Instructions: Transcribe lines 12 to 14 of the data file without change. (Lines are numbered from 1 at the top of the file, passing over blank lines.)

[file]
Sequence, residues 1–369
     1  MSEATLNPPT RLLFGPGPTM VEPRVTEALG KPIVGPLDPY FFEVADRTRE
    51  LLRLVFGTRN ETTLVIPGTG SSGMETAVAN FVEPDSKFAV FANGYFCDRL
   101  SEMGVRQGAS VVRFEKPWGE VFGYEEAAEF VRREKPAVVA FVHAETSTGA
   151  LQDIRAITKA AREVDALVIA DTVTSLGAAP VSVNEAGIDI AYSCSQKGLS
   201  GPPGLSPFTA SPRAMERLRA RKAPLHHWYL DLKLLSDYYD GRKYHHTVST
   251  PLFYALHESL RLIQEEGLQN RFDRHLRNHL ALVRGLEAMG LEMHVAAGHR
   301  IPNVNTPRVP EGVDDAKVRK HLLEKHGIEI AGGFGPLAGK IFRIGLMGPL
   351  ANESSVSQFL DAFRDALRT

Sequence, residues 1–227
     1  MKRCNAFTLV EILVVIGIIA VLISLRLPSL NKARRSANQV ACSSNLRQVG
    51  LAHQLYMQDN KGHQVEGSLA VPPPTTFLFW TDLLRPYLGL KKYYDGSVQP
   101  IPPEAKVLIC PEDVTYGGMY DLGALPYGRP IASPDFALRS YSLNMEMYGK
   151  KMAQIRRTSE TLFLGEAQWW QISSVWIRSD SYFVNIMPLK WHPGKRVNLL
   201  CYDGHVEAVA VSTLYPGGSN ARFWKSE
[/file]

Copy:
    51  LAHQLYMQDN KGHQVEGSLA VPPPTTFLFW TDLLRPYLGL KKYYDGSVQP
   101  IPPEAKVLIC PEDVTYGGMY DLGALPYGRP IASPDFALRS YSLNMEMYGK
   151  KMAQIRRTSE TLFLGEAQWW QISSVWIRSD SYFVNIMPLK WHPGKRVNLL